Any poet working in any kind of form, whether classical, modernist, or anything in-between, is working in a historical context, whether s/he knows it or not. It's most advantageous, I think, for her/him to know it, since an understanding of that context will help the poet to be able to enlarge and complicate it more beautifully.

Harvey's intentions are not as lofty as Pound's or Eliot's. She does, however, have a serious challenge embedded in this book. She asks us whether or not we can have fun with poetry, whether poetry itself can be funny and lighthearted and still be taken seriously. Amidst a series of pages about melancholy, Harvey drops humorous bits: "Should I tell you / I watched her eating / a bit of cold mutton / in our kitchen?" In such moments, the reader is in on the joke while likewise being asked to consider something serious and sad. In this challenge, she is likewise in good company. Contemporary American poetry is preoccupied with the mechanisms and epistemological modes of comedy. Comedy, too, tests poetry's ability to know and express. Among the comedic's proponents is former Poet Laureate Charles Simic. "We ordinarily anticipate good literature to be solemn, boring, and therefore edifying," Simic states in "Cut the Comedy." He goes on to relate an anecdote from his years in New York. During an early scene of Beckett's "Krapp's Last Tape," the old man sits at his desk, struggling to open its drawer. In an elongated moment typical of Beckett, tension rises around the contents of the drawer. Finally, the old man produces a tiny banana, thrilled with his find. The moment is undeniably comic, and a man behind Simic "cackled." Several people hissed at the man and his seeming ignorance that there is no "side-splitting hilarity allowed in the presence of high art."

Simic and his poetic cohorts James Tate and Russell Edson disagree with this idea, forwarding the notion that comedy has as many meaningful things to say as tragedy. Simic calls comedy subversive, a rejection of and open challenge to oppressive institutions, be they political, religious or poetic. Harvey seems to agree with this. Through juxtapositions of more comedic micro-poems such as: "Lamb and Mary / were alike. / Unbalanced. / Flat-footed. / High-strung." against lush, image laden lines like "He moved among / the rouged illusions / of dawn." Harvey successfully establishes a narrative at once insightful and endlessly playful. Because this is the story of a love affair between a young woman and a lamb, lines like, "They pin'd and hungr'd / after bod - ily joy." are both inevitable and unsettling to the reader. As Simic has argued, in order for poetry to be relevant in contemporary culture, it must be as strange as cable TV. Harvey succeeds is this strangeness, forwarding a comedic invective reminiscent of Tate and Edson. In the two pages following the "bod - ily joy," Harvey and Porter's collaboration hits a high-point, as two young, naked children are shown dancing arm in arm, the text stating: "Lamb and Mary / met in what-ever room / happened to be closest. / Who / would not / be curious to / see the / pictures / ?"  The strangeness of the romance between Mary and Lamb is both advanced in the text and withheld. The reader is left to chuckle at the images presented as well as those withheld.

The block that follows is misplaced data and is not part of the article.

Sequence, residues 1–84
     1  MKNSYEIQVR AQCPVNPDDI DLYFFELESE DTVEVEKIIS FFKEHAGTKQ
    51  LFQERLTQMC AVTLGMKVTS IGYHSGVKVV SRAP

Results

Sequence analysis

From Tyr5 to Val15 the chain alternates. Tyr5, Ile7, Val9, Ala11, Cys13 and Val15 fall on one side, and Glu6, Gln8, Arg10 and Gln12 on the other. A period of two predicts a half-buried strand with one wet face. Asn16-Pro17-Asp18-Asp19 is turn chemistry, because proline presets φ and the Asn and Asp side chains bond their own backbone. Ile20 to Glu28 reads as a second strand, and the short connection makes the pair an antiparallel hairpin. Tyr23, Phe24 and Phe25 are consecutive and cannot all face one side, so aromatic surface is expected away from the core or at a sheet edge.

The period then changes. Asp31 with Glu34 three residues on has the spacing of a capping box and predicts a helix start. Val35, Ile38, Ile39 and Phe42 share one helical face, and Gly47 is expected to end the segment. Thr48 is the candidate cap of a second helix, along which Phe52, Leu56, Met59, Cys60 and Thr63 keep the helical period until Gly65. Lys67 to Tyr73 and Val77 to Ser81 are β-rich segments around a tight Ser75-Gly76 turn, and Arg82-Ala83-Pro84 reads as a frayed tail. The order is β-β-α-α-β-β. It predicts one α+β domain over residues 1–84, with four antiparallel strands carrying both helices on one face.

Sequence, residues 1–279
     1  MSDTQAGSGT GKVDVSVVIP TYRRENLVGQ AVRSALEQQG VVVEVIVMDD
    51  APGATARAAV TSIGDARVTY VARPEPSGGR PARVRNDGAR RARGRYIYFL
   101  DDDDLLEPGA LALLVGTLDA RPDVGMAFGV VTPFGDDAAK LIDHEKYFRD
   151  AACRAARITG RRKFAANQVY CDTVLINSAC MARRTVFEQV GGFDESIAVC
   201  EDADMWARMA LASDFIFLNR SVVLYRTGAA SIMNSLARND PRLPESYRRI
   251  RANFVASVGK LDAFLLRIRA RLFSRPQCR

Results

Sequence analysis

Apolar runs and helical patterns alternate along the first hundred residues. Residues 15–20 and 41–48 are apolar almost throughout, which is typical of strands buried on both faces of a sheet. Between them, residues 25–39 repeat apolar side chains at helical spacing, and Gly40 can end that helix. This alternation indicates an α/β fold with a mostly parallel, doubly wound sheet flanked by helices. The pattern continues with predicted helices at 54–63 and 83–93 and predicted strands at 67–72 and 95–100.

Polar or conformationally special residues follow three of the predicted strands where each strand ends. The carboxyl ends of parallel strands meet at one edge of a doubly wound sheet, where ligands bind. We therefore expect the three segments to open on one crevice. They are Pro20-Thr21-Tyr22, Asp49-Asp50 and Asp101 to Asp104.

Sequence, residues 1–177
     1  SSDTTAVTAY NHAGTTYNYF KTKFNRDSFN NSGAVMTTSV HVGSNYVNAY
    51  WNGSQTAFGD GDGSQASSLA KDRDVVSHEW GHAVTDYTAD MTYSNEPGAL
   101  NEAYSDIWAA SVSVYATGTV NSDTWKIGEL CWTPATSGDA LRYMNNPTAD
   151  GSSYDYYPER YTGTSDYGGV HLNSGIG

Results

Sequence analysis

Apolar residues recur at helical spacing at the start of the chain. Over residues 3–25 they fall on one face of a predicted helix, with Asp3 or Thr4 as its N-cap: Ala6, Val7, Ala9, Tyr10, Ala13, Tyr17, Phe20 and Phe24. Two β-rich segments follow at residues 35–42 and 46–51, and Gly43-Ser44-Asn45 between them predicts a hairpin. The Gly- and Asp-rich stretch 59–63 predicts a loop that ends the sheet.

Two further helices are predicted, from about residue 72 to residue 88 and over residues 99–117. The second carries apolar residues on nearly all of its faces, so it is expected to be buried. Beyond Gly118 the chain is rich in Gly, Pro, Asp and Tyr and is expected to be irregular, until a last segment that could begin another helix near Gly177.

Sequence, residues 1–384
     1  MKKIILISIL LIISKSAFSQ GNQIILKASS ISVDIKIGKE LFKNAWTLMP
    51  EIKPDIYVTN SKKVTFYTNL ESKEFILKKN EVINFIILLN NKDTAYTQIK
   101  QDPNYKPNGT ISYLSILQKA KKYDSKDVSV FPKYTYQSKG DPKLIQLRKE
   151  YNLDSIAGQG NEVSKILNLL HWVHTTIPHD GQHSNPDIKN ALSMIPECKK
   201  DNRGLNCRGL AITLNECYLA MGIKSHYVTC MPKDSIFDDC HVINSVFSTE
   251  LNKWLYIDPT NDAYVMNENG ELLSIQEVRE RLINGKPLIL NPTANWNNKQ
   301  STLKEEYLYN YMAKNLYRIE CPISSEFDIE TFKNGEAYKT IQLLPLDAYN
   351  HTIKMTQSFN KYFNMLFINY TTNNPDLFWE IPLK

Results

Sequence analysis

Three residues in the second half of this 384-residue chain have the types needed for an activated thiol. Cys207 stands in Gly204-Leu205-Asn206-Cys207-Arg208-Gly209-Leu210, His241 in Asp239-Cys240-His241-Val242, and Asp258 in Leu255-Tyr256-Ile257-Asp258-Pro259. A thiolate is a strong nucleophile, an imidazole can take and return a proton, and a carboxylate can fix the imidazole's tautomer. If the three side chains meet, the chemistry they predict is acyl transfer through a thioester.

Like Tate and Edson, Harvey's comedic invective is purposive. It is an engagement of tradition as well as a calculated deviation from the same. As with metrical verse, it is in a poem's deviations from its established meter and rhyme that it calls attention to its intent. In Of Lamb, Harvey suggests that the poetic project and tradition are not delicate and fragile, and unremitting seriousness in poetry can thwart innovation and beautiful complication of the same.